Ayutthaya's expansion centred along the Menam while in the northern valleys the Lanna Kingdom and other small Tai city-states ruled the area. In 1431, the Khmer abandoned Angkor after Ayutthaya forces invaded the city. Thailand retained a tradition of trade with its neighbouring states, from China to India, Persia, and Arab lands. Ayutthaya became one of the most vibrant trading centres in Asia. European traders arrived in the 16th century, beginning with the Portuguese, followed by the French, Dutch, and English. The Burmese–Siamese War (1765–1767) left Ayutthaya burned and sacked by King Hsinbyushin.
After the fall of Ayutthaya in 1767 to the Burmese, Taksin moved the capital to Thonburi for approximately 15 years. The current Rattanakosin era of Thai history began in 1782 following the establishment of Bangkok as capital of the Chakri Dynasty under KingRama I the Great. Despite European pressure, Thailand is the only Southeast Asian nation to never have been colonised. This has been ascribed to the long succession of able rulers in the past four centuries who exploited the rivalry and tension between French Indochina and the British Empire. As a result, the country remained a buffer state between parts of Southeast Asia that were colonised by the two colonial powers, Great Britain and France. Western influence nevertheless led to many reforms in the 19th century and major concessions, most notably the loss of a large territory on the east side of the Mekong to the French and the step-by-step absorption by Britain of the Shan and Karen people areas and Malay Peninsula.
20th century
As part of the concessions which the Chakkri Dynasty offered to the British Empire in return for their support, Siam ceded four predominantly ethnic-Malay southern provinces to the British Empire in the Anglo-Siamese Treaty of 1909. These four provinces (Kelantan,Tringganu, Kedah, Perlis) would later became Malaysia's four northern states.
In 1917, Siam joined the Allies of World War I and is counted as one of the victors of World War I.
In 1932, a bloodless revolution carried out by the Khana Ratsadon group of military and civilian officials resulted in a transition of power, when King Prajadhipok was forced to grant the people of Siam their first constitution, thereby ending centuries of absolute monarchy.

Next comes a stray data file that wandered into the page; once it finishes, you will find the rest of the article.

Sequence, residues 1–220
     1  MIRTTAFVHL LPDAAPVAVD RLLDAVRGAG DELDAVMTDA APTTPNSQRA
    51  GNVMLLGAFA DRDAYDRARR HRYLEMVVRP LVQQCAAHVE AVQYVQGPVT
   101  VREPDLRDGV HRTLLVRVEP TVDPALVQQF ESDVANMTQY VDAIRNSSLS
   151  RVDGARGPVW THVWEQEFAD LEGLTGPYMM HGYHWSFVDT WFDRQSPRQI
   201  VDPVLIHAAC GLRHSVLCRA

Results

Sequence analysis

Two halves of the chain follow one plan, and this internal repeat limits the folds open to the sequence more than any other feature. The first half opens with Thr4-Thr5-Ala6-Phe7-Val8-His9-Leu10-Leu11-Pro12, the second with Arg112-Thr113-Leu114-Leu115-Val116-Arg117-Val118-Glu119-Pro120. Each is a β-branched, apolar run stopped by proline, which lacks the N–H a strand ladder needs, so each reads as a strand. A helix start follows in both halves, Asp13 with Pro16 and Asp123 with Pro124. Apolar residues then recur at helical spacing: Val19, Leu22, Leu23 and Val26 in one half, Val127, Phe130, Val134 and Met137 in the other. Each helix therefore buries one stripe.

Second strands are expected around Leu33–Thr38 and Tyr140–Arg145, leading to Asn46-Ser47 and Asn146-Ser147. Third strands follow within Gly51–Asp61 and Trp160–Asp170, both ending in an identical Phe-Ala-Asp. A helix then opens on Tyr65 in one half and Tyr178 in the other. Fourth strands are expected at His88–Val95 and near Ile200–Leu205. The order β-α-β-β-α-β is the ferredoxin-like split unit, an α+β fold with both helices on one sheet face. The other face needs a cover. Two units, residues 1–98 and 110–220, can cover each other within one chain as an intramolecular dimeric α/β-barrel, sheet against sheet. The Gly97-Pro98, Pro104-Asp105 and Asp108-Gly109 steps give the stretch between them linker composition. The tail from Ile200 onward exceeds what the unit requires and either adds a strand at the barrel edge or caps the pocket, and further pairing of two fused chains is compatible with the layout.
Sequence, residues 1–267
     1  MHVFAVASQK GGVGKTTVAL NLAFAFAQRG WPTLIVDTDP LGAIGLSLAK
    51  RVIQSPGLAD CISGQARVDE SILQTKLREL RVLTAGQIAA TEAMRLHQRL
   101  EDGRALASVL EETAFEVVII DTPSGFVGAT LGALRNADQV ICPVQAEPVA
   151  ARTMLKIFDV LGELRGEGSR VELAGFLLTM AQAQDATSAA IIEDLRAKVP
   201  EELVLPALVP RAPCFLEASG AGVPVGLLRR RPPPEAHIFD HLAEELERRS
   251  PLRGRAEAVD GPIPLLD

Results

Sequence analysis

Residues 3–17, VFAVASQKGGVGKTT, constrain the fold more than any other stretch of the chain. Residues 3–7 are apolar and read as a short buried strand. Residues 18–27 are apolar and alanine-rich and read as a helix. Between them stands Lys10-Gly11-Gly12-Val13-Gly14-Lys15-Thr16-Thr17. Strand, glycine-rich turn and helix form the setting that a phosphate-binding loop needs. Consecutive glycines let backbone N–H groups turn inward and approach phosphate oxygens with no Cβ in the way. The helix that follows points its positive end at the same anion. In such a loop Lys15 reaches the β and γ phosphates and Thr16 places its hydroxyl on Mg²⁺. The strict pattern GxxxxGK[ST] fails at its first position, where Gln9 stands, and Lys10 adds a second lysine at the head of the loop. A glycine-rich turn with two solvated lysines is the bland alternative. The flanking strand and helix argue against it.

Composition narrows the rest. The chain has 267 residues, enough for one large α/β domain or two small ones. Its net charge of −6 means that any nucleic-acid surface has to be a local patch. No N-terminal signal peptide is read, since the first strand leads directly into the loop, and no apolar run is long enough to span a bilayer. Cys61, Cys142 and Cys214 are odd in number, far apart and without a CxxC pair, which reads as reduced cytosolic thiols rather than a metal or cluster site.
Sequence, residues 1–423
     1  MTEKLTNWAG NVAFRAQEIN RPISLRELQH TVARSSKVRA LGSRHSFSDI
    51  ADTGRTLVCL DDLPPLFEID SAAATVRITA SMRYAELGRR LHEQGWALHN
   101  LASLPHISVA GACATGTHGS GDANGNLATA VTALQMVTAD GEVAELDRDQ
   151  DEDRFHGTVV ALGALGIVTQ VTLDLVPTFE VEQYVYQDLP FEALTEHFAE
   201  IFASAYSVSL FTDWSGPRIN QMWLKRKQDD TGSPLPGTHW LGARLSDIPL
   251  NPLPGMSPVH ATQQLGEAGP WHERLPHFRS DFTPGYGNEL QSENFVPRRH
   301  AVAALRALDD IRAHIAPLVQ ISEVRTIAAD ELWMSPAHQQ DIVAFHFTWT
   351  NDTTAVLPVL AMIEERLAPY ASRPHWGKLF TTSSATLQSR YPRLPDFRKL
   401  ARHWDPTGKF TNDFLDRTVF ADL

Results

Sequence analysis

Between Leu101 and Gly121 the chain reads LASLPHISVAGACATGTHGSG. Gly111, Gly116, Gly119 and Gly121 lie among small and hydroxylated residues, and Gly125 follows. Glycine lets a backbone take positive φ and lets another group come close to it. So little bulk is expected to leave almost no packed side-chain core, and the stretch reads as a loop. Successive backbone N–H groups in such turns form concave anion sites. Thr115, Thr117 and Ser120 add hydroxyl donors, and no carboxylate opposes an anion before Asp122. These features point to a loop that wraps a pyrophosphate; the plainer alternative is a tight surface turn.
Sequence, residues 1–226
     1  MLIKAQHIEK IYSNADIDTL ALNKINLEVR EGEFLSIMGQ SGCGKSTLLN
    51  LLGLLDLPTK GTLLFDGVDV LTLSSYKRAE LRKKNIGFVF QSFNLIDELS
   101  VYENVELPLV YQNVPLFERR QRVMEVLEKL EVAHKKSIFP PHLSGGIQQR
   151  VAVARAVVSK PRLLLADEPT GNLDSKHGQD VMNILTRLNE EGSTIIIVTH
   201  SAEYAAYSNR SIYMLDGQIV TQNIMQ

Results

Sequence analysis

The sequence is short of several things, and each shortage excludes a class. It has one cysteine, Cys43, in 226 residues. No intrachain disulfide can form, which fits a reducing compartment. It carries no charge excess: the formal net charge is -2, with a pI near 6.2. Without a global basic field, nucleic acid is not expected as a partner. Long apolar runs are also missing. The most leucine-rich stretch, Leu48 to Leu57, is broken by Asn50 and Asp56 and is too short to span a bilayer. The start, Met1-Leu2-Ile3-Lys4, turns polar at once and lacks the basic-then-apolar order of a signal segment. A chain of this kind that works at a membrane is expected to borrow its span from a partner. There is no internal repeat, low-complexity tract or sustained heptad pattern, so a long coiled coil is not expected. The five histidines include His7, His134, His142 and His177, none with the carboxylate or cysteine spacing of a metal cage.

In 1939, the name of the kingdom, "Siam", was changed to "Thailand".
World War II
During World War II, the Empire of Japan demanded the right to move troops across Thailand to the Malayan frontier. The Japanese invasion of Thailand on 8 December 1941 occurred in co-ordination with attacks throughout Asia and engaged the Royal Thai Army for six to eight hours before Plaek Phibunsongkhram ordered an armistice. Shortly thereafter, Japan was granted free passage, and on 21 December 1941, Thailand and Japan signed a military alliance with a secret protocol, wherein Tokyo agreed to help Thailand regain territories lost to the British and French. 
Subsequently, Thailand declared war on the United States and the United Kingdom on 25 January 1942, and undertook to "assist" Japan in its war against the Allies, while at the same time maintaining an active anti-Japanese Free Thai Movement. Approximately 200,000 Asian labourers (mainly romusha) and 60,000 Allied prisoners of war (POWs) worked on the Burma Railway, which is commonly known as the "Death Railway".
After the war, Thailand emerged as an ally of the United States. As with many of the developing nations during the Cold War, Thailand then went through decades of political instability characterised by a number of coups d'état, as one military regime replaced another, but eventually progressed towards a stable, prosperous democracy in the 1980s.
 
Geography